advice for getting good summit photos

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John McCoy
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advice for getting good summit photos

Postby John McCoy » Sun Apr 01, 2012 11:55 am

I have a canon powershot SX30 IS. it is a point and shoot just below a dslr. i was just looking for tips on how to get good summit pics, some of the pics on this site are amazing!! I figure i should use the landscape mode for taking pics but didnt know if there were any other adjustments to use to get the best pics.
Bill Cummings
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Re: advice for getting good summit photos

Postby Bill Cummings » Sun Apr 01, 2012 12:34 pm

In lieu of lots & lots of recommendations I could make (and that you will no doubt get from others) I'll recommend this (older, pre-digital) book that helped me a lot. Easy to work through, fairly short, mostly just essential info:

Also, be sure to get and read a copy of Galen Rowell's Mountain Light. The pictures are outstanding; the text is invaluable (but sort of advanced):

Not knowing what your expertise level is, the most basic hints I would give are:
-Make sure you hold your camera absolutely still when shooting (everyone knows this; few actually do it).
-Use the highest resolution (largest file size) you can on your camera.
-Use your camera's custom settings to optimize (usually increase) contrast, saturation, & sharpness.
-Use polarizer and ND grad filters liberally in mountain settings.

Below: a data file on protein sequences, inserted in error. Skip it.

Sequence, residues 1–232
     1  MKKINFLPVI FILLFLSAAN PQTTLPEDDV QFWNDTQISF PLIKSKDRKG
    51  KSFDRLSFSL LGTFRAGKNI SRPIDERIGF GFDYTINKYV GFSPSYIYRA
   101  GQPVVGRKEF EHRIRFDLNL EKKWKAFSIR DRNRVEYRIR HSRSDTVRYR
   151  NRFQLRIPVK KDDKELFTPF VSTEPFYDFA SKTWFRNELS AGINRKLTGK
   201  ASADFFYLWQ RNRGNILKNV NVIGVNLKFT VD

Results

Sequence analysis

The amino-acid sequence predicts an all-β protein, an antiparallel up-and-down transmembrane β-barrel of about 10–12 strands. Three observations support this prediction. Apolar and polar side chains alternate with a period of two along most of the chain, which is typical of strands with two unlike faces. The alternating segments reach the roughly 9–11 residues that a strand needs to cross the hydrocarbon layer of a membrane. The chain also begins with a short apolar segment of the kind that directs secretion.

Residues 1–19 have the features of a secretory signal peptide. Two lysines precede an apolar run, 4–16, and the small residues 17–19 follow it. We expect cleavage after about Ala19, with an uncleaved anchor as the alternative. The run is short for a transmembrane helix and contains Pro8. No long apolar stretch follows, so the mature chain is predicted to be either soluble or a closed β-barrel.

-Take many (pictures); save few. (Use a high-capacity memory card; view all your images when you get home and then save only the ones that really impress you.)
-The camera is only a tool. The real secret to good photography comes through studying and applying composition, light, and emotion.
Bill "Blind Willie" Cummings

"God loves you just the way you are. But He loves you way too much to let you stay that way." --"Junebug"
"You can't argue with the truth when it comes up and bites you on the buttocks." --Peter Lang
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Re: advice for getting good summit photos

Postby d_baker » Sun Apr 01, 2012 2:20 pm

John McCoy wrote: i was just looking for tips on how to get good summit pics

Get to the summit very early or very late for better lighting.
And as the previous poster mentioned, take a lot of pictures! The more you take, the more you have to choose from for favorites.
Experiment as well, with different kinds of shots (composition).